Scholar to discuss African characters in Japanese animation

Jan 31, 2014 | General News, Liberal Arts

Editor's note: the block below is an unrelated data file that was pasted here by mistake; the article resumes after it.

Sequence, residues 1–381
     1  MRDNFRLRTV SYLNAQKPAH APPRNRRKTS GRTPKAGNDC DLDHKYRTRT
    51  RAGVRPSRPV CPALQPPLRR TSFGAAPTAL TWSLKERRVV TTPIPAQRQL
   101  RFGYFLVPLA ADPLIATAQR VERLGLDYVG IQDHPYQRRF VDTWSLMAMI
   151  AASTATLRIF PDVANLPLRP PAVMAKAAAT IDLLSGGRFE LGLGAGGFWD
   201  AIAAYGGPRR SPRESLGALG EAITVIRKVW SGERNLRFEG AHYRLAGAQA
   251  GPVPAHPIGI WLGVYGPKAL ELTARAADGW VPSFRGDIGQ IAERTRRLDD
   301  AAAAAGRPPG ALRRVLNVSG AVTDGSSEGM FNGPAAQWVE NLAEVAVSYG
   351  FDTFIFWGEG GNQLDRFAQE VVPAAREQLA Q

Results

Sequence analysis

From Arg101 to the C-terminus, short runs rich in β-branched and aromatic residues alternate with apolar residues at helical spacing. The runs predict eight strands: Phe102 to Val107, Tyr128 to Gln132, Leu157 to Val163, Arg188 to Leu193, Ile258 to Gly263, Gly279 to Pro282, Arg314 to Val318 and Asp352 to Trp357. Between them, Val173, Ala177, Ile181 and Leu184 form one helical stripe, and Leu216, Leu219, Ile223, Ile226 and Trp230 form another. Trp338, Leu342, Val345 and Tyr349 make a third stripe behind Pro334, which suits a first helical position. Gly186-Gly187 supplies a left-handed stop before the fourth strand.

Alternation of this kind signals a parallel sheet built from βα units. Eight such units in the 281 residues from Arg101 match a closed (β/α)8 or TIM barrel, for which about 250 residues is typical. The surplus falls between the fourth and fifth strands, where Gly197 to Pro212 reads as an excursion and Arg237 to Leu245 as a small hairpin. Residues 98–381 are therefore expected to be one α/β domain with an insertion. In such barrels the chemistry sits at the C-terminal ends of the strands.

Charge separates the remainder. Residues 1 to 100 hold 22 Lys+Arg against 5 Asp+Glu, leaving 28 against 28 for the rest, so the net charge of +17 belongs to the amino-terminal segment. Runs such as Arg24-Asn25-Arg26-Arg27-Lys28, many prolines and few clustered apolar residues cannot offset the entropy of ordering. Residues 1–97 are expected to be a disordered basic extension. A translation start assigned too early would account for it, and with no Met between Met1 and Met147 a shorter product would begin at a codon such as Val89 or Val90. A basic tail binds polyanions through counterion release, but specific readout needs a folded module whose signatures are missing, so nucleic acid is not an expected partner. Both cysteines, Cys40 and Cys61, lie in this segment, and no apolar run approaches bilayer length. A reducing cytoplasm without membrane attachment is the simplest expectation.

In commemoration of Black History Month, Louisiana Tech University’s history department will sponsor a talk, “Japanese Dreams for African Girls: Nadia and the Secret of Blue Water,” by Dr. Deborah Whaley, an associate professor of American and African American Studies at the University of Iowa. The talk will begin at noon Thursday, Feb. 6 in University Hall, Room 111. This talk is part of Whaley’s current book project, “Sequential Subjects,” which explores the graphic novel production and comic book fandom. In her book, she will also look at how African, African-American and multiethnic women are displayed in various mediums. Whaley is a leader of a new generation of scholars in the fields of African-American history, women’s history and American studies.  Her numerous publications include the book, “Disciplining Women: Alpha Kappa Alpha, Black Counterpublics and the Cultural Politics of Black Sororities.” flyerWhaley will also speak on the topic “Black Women in Comics and Graphic Novels in the 1970s, 1980s and Beyond,” at 6 p.m. Thursday, Feb. 6 at the Lincoln Parish Library. Whaley’s talks are sponsored by the history department, the Lincoln Parish Library, and the Lambda-Rho chapter of the Phi Alpha Theta history honor society with the support of the McGinty Trust. Both talks are free and open to the public. For additional information, contact Dr. David M. Anderson, an associate professor of history and coordinator of Black History Month events, at 318-257-2872 or by email at